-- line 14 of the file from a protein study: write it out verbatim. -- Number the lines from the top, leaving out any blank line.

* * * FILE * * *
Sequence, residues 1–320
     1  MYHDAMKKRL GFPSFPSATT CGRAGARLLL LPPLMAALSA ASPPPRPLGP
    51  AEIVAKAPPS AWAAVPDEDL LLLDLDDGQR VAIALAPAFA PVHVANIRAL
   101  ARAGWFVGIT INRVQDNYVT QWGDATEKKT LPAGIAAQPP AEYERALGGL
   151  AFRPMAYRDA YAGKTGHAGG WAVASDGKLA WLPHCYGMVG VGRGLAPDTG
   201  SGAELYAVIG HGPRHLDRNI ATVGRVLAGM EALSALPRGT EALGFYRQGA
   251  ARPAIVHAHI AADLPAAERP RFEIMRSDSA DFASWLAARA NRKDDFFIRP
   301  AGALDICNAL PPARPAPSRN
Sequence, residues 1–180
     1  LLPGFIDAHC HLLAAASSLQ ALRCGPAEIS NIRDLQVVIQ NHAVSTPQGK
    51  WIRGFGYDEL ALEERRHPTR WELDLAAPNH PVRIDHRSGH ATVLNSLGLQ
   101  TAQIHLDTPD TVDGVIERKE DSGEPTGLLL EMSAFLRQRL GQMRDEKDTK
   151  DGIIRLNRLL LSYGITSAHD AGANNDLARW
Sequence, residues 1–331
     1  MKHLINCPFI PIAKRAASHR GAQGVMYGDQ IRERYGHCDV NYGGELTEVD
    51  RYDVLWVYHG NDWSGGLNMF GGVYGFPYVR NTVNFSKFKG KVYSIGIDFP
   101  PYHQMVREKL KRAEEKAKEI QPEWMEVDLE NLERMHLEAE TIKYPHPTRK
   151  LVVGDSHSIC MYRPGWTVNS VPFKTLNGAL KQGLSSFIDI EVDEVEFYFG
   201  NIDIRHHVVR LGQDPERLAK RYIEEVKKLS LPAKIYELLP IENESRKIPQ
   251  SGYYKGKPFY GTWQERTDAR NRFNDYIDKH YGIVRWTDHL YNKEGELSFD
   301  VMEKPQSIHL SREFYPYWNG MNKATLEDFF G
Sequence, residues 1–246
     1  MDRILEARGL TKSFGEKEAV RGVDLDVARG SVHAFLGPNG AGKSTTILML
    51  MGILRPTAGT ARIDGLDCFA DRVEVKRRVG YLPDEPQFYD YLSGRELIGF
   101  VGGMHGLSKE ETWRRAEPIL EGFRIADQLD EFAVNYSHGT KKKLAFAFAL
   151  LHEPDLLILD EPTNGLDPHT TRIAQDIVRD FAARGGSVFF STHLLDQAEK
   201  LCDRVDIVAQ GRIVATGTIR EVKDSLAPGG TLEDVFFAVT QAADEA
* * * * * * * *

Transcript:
Sequence, residues 1–331